Nathan worked a rotating shift schedule, and he was off a few days during the week quite often. He always dreamed of catching the big one, and so he decided to get himself some used fishing equipment. With practically everyone else at work, he had pretty much free reign at the nearby freshwater lakes and ponds.
Turtle Pond was his first choice. His wife had purchased a pair of hip boots, which Nathan used for a few weeks. To his chagrin, though, the boots started to leak. He moved his location the next day to the other side of the pond and, with jitterbug at the end of his line, he was catching many large-mouthed bass in the evening and early morning hours.
Nathan showered after his three p.m. to eleven shift one night and felt some discomfort on his chest. After close inspection, he observed a tick partially embe dded in his skin. He was able to grab hold of it, and he saved the specimen. He was relieved to find out that this tick didn't carry Lyme disease after a visit to the doctor.
After this incident, Nathan decided that he needed to get some kind of boat. He knew darn well that there were no ticks out on the lake. Besides this, his good friend taught him how to troll with herring using extra-sharp hooks. It just so happened that a Hungarian guy at work gave Nathan this lightweight boat that sat unused in his back yard. This boat was made out of styrofoam, complete with rudder and keel. Nathan was grateful for this free gift, since he himself could not afford a real fishing boat.
At five o'clock the next morning, Nathan set out on the maiden voyage after buying a single paddle along with the necessary safety whistle and life preserver. It was a sight to behold. Nathan forgot to attach the rudder, and the small vessel just sort of vacillated as he paddled, getting hardly nowhere on the lake. Finally, a breeze kicked in and caused the craft to actually get somewhere.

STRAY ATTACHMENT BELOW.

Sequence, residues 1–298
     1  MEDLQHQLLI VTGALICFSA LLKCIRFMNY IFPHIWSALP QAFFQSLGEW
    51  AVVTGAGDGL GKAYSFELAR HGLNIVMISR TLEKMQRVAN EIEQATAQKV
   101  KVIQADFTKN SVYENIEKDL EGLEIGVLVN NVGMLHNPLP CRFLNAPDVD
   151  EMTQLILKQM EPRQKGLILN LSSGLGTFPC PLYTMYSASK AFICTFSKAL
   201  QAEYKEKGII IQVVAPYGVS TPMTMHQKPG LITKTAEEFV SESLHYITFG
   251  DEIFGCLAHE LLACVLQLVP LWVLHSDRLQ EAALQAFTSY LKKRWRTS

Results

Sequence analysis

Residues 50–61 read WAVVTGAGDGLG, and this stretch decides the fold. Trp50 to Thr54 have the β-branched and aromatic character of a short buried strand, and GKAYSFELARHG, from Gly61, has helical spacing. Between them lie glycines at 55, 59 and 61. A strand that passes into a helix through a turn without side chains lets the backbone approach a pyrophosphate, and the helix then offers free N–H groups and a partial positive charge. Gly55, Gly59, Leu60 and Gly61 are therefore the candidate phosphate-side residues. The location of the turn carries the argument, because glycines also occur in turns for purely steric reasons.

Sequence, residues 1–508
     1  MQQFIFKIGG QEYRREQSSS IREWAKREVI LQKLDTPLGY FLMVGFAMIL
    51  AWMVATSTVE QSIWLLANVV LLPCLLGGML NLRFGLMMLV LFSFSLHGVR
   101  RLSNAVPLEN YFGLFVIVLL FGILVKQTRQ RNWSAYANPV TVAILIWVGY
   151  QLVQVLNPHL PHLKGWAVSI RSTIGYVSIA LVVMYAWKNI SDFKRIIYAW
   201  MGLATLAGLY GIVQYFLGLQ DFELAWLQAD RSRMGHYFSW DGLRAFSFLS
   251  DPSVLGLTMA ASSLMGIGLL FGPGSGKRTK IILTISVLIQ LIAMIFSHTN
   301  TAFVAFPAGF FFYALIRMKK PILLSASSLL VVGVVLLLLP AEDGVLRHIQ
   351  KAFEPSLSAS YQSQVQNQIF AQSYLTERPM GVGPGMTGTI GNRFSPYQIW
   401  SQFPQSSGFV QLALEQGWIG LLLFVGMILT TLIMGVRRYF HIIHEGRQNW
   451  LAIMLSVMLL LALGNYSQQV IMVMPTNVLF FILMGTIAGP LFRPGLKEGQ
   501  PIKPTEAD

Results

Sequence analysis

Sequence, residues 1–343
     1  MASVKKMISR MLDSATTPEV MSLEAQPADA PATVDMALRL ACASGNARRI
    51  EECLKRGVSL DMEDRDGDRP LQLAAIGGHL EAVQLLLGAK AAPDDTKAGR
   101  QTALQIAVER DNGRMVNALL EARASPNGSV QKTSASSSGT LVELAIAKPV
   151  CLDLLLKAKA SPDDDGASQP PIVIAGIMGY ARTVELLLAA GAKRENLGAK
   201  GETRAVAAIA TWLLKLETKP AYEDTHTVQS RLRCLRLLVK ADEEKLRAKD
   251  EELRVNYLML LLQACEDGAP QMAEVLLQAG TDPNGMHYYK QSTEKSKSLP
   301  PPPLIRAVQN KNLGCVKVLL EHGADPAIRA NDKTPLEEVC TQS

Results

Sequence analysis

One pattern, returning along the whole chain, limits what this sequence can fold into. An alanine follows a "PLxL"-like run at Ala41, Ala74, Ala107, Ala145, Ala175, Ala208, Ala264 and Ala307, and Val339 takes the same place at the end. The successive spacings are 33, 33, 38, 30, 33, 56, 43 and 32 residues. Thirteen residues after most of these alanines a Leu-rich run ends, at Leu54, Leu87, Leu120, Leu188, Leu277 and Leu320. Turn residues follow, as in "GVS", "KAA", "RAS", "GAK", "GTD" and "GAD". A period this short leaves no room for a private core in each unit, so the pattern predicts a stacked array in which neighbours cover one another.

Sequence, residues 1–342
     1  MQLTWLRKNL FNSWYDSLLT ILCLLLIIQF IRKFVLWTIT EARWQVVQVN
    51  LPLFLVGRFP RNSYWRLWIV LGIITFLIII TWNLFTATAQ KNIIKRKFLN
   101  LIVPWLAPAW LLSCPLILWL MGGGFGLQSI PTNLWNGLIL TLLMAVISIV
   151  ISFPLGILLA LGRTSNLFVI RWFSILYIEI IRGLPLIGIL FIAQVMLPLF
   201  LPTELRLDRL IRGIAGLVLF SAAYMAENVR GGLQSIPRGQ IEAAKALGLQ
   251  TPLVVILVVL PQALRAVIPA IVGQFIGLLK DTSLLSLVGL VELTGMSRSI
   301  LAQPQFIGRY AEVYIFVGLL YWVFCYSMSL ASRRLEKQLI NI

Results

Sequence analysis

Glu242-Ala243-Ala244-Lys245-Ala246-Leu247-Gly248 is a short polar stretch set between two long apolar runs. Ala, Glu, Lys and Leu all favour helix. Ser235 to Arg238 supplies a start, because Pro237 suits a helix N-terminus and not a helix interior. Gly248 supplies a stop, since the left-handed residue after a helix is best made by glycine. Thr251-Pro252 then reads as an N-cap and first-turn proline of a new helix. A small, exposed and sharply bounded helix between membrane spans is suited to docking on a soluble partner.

Using worms on his hook this time, Nathan threw out his line and sat there for a bit, taking in the nice scenery about him. A bit later, Nathan leaned over to look down into the lake, and the boat tipped; he fell in. Nathan forgot to bring the keel. Soaked through and through, Nathan was exasperated and slowly made his way back to shore, laboriously of course. Good thing for the paddle.
About a week later, Nathan came up with a grand scheme for some real propulsion on the boat. He obtained a propeller from the local marina and attached it to his weed-whacker assembly. It fit perfectly. The handle and grip acted as a clamp to mount it to the back of the boat. Well, since there was no reduction gearbox or the like, the propeller wouldn't spin in the water when started. Nathan brought the propeller down to the plant where he worked and grinded down the blades to almost nothin; just a little left so it would not cause such resistance in the water.
The day came to try out Nathan's new ingenuity. He got the weed-whacker motor a runnin' and, to his surprise, the styrofoam craft actually started moving. But the two-stroke engine soon shut down due to overheating. After cooling down it started right back up. Soon enough, Nathan looked up and saw a fast-moving boat approaching. It was the lake patrol. Nathan and his boat capsized with the strong wake.
"You know, I just don't know. You know?" Nathan said at the police station. The police asked him why he had an unregistered boat out on the lake. "I just can't figure it out, you know, just don't know why my invention didn't work right," said Nathan.
Since the police knew that Nathan was the poorest soul around, the whole police department decided to offer Nathan a nice aluminum boat, electric motor included. Nathan humbly accepted the offer and went fishing the very next day. Nearing the dam at the Upper Monksville reservoir, a powerful wind violently blew the boat and Nathan over the dam. "Darn it, I just don't know about that wind, ya know?" said Nathan. Nathan decided to save his money for a wind surfer. He never fished again.
Copyright (c) 2010 by George Warholak. All rights reserved.